South Florida Student Describes Intense Bullying and The Psychological Effect - NBC 6 South Florida

South Florida Student Describes Intense Bullying and The Psychological Effect

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    NEWSLETTERS

    Warning Signs of Bullying Effects on Teens

    In part two of our series, NBC 6's Julia Bagg spoke with medical professionals to help parents learn the warning signs that their child may be bullied at school.

    (Published Thursday, Feb. 8, 2018)

    What to Know

    • “Katie”, a 15-year-old whose name we have changed to protect her identity, wants her story to be know.

    • The Texas native moved with her family to South Florida two years ago and started attending Westminster Christian School.

    • Katie says she resisted peer pressure to smoke or drink during her freshman year, and that turned her into a "walking target”.

    Suffering in silence - one South Florida teen is sharing her story where bullying at her school brought the victim to the brink.

    “Katie”, a 15-year-old whose name we have changed to protect her identity, wants her story to be know. The Texas native moved with her family to South Florida two years ago and started attending Westminster Christian School.

    "I (thought I) wasn't good enough and that I'll never be good enough and it's not possible to be good enough,” she said.

    Katie says she resisted peer pressure to smoke or drink during her freshman year, and that turned her into a "walking target”.

    "It was kind of just ‘oh, let's mess with her today,’ and that was just every day,” said the teen.

    That kind of messing took multiple forms - in person, and on social media like an Instagram account entitled “FU Katie.”

    “There were just posts about me, there's videos posted about me – making fun of me being from Texas or me not being able to speak Spanish or me looking like cartoon characters,” Katie said.

    But Katie didn't want to tell anyone about it. So she kept silent and kept the pain secret – even from her mother and father.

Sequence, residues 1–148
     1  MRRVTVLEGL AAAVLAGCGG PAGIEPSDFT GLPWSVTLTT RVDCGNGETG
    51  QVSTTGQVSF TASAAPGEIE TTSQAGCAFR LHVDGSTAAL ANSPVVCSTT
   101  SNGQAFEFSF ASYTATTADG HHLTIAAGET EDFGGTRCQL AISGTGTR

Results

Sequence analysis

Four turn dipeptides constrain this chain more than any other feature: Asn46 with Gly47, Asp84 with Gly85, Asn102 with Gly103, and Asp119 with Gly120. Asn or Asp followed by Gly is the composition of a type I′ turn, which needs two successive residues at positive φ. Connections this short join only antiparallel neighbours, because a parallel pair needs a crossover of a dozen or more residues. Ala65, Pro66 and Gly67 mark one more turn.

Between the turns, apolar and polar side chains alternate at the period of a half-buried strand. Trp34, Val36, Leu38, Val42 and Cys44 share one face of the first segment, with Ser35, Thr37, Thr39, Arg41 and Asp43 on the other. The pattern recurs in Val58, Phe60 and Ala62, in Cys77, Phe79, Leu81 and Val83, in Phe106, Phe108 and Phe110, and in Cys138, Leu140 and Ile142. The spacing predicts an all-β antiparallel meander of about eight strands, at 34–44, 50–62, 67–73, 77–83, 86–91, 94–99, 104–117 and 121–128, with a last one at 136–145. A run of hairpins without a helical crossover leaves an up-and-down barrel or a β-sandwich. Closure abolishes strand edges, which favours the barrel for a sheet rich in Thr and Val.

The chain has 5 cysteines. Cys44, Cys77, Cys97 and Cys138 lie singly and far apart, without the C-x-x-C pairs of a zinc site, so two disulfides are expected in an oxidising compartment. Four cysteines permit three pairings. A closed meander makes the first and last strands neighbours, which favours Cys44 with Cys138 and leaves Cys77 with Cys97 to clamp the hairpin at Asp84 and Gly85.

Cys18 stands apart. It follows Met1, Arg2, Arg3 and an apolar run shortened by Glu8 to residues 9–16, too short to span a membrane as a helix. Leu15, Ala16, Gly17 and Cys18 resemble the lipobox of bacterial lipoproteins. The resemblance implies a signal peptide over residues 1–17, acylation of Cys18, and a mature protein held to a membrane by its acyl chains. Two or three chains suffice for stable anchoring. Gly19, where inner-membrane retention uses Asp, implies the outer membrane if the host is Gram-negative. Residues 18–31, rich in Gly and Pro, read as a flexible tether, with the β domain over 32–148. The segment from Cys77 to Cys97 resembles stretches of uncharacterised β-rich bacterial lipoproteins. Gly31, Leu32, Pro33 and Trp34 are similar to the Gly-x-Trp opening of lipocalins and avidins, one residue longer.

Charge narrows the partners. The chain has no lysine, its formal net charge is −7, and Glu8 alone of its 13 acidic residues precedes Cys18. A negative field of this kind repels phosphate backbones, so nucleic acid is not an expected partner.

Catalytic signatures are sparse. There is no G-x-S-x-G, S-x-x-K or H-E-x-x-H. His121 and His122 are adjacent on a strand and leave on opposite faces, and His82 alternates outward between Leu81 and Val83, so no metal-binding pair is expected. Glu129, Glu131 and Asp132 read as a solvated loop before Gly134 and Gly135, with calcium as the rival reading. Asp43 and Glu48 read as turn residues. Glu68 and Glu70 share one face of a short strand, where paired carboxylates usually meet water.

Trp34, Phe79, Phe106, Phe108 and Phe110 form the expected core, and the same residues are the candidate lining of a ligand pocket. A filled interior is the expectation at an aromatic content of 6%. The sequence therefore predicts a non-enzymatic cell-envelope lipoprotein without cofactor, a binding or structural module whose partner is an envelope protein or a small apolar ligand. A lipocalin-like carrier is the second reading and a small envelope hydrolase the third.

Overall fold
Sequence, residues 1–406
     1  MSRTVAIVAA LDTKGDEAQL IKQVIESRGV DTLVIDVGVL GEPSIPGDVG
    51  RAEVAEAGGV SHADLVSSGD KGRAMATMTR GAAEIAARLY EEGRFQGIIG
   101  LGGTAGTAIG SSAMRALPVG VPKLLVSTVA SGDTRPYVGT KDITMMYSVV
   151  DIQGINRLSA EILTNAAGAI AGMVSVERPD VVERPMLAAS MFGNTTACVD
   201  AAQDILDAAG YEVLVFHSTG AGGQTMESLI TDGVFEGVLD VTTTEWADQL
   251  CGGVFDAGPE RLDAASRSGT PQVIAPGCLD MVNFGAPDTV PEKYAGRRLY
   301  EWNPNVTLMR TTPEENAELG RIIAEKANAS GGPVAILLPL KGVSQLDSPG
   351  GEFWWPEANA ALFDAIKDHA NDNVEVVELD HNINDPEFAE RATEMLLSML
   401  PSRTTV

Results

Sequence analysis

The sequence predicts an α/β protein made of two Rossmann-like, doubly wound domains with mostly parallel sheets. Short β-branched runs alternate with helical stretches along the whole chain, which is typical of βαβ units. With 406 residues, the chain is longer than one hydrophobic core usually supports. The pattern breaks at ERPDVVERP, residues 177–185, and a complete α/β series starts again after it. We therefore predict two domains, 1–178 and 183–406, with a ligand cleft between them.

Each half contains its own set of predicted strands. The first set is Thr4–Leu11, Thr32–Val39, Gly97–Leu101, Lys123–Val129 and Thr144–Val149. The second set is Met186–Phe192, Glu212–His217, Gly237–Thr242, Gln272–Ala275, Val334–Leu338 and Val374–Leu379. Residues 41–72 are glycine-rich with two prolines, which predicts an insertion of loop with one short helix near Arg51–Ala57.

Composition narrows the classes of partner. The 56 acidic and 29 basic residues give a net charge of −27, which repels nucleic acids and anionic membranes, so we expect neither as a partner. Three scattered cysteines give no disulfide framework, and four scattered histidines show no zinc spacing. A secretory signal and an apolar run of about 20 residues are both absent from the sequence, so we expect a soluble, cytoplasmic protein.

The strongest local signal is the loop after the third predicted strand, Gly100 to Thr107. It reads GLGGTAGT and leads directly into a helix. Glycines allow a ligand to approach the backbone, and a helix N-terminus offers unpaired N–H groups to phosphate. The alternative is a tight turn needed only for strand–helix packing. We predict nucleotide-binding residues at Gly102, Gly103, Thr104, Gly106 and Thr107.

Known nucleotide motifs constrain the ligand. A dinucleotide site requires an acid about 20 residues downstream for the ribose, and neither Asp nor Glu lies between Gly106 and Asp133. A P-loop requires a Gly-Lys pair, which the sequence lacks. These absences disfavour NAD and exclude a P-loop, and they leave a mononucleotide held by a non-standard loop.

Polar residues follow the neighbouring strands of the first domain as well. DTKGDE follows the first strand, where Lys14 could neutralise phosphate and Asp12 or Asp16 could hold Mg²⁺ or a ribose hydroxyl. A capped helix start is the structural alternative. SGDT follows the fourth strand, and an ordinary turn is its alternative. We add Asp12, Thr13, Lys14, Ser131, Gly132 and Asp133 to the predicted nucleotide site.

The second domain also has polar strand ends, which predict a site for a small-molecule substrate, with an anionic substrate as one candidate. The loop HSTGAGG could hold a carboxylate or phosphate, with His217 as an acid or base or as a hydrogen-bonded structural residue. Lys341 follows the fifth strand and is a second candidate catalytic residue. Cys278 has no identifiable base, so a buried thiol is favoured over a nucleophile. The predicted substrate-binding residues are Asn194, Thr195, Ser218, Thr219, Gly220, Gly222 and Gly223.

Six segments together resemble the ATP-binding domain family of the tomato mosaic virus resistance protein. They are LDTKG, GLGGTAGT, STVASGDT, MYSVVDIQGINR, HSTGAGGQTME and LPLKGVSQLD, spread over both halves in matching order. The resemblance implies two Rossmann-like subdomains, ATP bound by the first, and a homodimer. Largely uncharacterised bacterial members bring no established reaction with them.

"If I told someone, somebody would find out that I told and everything would just get worse,” she said. "It just hurts so bad and I felt really lonely because I couldn't tell my parents anything.”

    Things got so bad, Katie ended up spending the night at Nicklaus Children's Hospital, where doctors treated Katie for severe migraines and anxiety.

    Dr. Sara Rivero-Conil, a pediatric psychologist, treats patients like Katie and says if you see changes in anxiety, appetite or sleep paterns there may be a problem.

    "Stress can cause so many physical symptoms, you'll see children who have had headaches, stomach aches and even seizures," she said.

    NBC 6 reached out to the interim head of Westminster Christian School, but he declined an interview. In an email, a school spokeswoman told us "the school has clear policies and procedures in place to deal with bullying and responds immediately when issues are brought to our attention."

    The school released an email to parents and students after NBC 6's story.

    Katie’s mom says the school's response to her daughter left her disappointed. The school ultimately did return emails, but not before Katie’s parents decided to pull her from class permanently and file a lawsuit against the school. They have since moved back to Texas with her mother saying Katie hasn't had one migrane since the move.

    "I just wanted to fit in and be normal and not stand out at all,” Katie said. “I wanted to just look like everyone else, I wanted to be like everyone else just so they would leave me alone."

    Rivero-Conil said you should also look for signs your child may be bullying others - including coming home with extra money or items that don't belong to them as well as bullying you as a parent - and teach them how their beahavior is hurtful.

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